Read also: Boeing extends factory shutdown in Washington stateThe other newly revealed fault could potentially cause the autopilot to disengage as the aircraft prepares to land. Neither problem has been observed in flight, but the software changes will eliminate the possibility that they could occur, the company said. The modifications can be incorporated into the plane at the same time.In a separate statement, the US Federal Aviation Administration said it has been in contact with the company about the issues.The new software problems were reported earlier by Reuters.Topics : Boeing Co. has identified two new software problems with the grounded 737 Max that must be fixed before the jetliner can carry passengers again.The issues involve the flight-control computer and don’t affect the plane’s estimated return to service in mid-2020, Boeing said in an email Tuesday. The Max’s software has been undergoing a redesign after being linked to two fatal crashes that prompted a worldwide flying ban more than a year ago.The new flaws deepen the engineering challenge for Boeing as it tries to return its best-selling jet to the skies. One of the problems involves “hypothetical faults” in the computer’s microprocessor, which could lead the plane to climb or dive on its own, Boeing said. A safety system on the Max caused the jet to dive automatically in both accidents, but the problems aren’t related, Boeing said.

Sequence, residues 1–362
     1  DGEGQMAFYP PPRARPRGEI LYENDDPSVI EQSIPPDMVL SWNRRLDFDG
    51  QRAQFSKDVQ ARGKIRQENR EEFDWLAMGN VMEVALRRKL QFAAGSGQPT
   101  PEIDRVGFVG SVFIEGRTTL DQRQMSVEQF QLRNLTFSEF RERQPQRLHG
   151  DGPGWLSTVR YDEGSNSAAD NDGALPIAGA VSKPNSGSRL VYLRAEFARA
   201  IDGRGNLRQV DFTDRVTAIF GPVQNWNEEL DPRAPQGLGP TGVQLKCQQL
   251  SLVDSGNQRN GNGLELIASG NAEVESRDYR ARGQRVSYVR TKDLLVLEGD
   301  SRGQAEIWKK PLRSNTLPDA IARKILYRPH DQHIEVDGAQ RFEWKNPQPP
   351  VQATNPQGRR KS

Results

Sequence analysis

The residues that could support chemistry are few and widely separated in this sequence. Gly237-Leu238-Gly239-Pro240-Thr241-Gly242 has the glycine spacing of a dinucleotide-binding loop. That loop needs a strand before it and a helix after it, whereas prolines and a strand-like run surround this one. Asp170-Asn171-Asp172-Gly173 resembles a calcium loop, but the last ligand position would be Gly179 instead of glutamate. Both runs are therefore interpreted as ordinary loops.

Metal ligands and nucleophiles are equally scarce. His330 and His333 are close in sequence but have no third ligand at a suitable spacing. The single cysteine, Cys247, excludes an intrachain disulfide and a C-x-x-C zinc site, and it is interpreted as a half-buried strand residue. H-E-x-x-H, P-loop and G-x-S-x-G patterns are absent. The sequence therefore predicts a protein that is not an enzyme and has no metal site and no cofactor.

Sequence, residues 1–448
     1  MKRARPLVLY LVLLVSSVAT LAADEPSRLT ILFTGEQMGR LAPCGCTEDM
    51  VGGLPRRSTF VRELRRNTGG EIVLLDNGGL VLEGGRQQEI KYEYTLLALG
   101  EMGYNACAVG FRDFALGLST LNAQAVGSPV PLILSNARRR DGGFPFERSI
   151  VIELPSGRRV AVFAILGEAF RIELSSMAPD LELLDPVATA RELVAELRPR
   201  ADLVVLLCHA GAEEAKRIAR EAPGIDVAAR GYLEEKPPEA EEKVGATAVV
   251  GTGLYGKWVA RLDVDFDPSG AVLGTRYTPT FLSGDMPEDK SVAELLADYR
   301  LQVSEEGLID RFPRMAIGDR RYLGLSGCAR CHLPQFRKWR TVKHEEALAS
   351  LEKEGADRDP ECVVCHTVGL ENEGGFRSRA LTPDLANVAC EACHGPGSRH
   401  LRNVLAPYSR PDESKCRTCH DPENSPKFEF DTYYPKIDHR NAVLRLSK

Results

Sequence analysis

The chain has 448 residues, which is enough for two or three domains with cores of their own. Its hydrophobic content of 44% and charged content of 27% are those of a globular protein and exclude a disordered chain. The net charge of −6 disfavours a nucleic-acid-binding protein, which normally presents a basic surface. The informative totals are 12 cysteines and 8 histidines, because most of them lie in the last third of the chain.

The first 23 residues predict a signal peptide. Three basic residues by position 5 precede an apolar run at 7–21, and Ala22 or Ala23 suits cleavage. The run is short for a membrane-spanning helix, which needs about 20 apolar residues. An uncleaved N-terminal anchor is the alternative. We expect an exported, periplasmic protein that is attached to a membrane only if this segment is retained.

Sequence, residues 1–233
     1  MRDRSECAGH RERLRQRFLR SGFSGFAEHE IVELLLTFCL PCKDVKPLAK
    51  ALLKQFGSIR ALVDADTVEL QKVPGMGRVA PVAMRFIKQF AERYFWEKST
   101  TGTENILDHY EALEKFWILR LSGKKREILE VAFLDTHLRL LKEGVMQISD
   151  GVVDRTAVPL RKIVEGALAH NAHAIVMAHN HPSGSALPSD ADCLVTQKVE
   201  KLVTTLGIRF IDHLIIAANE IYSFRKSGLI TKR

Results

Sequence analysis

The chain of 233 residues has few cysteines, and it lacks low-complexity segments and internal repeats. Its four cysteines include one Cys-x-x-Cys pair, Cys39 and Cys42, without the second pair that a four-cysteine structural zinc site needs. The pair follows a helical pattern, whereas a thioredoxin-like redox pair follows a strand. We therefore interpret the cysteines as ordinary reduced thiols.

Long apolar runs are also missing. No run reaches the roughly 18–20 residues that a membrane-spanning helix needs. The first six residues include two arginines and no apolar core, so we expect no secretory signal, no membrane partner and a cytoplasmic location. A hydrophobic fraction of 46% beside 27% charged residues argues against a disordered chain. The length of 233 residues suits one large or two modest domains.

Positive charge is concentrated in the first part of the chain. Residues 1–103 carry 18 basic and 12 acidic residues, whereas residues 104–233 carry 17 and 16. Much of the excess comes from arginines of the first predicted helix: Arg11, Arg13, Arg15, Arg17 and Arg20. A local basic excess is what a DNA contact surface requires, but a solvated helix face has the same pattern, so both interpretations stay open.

Published on September 29, 2015 at 10:48 pm Contact Jon: [email protected] | @jmettus Facebook Twitter Google+ HAMILTON, N.Y. — Zeroes ticked across the scoreboard at Beyer-Small ’76 Field and only one set of LED lights lay dormant — the shots under Colgate’s side of the board.Syracuse goalkeeper Austin Aviza exited the penalty area and immediately sought out defender Kamal Miller standing near midfield to shake his hand and give him a hug. Aviza made his way to defenders Louis Cross and Miles Robinson amid the pouring rain to do the same.“I just throw them a lot of credit,” Aviza said. “They’ve been excellent these past few games so it just makes my life 10 times easier.”For the second game in a row, the back line of Cross, Robinson and Miller kept SU’s opponent from registering a shot on goal. Colgate managed eight shots, but the only ball Aviza had to make a play on was a cross that he punched away late in the game. The clean sheet helped the Orange (6-2-1, 1-1-1 Atlantic Coast) to a 2-0 win over the Raiders (4-3-1, 1-0 Patriot) on Tuesday night.“They put us under some pressure,” head coach Ian McIntyre said. “They put a lot of balls in the box. They’ve got some size in the back that came forward on restarts and I thought defensively Louis, Miles, Kamal — and Juuso (Pasanen) in front — played very well.”AdvertisementThis is placeholder textColgate tried to push the ball toward the middle from the start of the game, but the Orange was able to thwart each attempt coming in the run of play.Miller easily headed away a chipped through ball in a one-on-one opportunity on the Raiders’ first offensive possession. Pasanen, a midfielder, missed an oncoming Colgate attacker with a jab of his leg, leaving CU midfielder Jared Stroud open near the back of the penalty area. But Robinson bodied the forward enough to force the ball out of bounds past the goal line as Stroud waved his hands up and down in the air.The Raiders most dangerous chances came on corners and free kicks, but SU defenders were always there to knock the ball away. Each of CU’s seven corners and at least four free kicks were launched into the box.Even one of the throw-ins that Colgate managed in SU’s defensive half was heaved into the box, only to be knocked away.“We just did a good job of defending the first ball, the second ball and protecting our goalkeeper,” Miller said. By Aviza’s estimation, his defenders won every ball in the air.Aviza has grown more vocal as the season has carried on, he and his teammates said, which involves positioning the defenders in front of him on restarts. He cupped his hands on each set piece to communicate with his defense and even tugged at some of their jerseys to get them in the right spot.When the Orange defense knocked away two consecutive Colgate corner attempts with less than four minutes left, Aviza said nothing, however, he just clapped.Colgate’s last attempt came on a free kick from 45 yards out to the right of the net with just a few minutes left in the game. The ball sailed high in the air, curving left, but Aviza rose through a crowd to punch the ball away.Even in SU’s first shutout of the year against Bucknell on Aug. 30, Aviza had to make eight saves. But in the last two games — the only other shutouts — he’s touched the ball most on goal kicks and never to stop a shot on net.“We’re really stepping up and becoming more cohesive as a defensive unit,” Miller said. “It’s clearly showing with the stats that we’ve achieved in the last two games and I think it’s only going to keep getting better.” Comments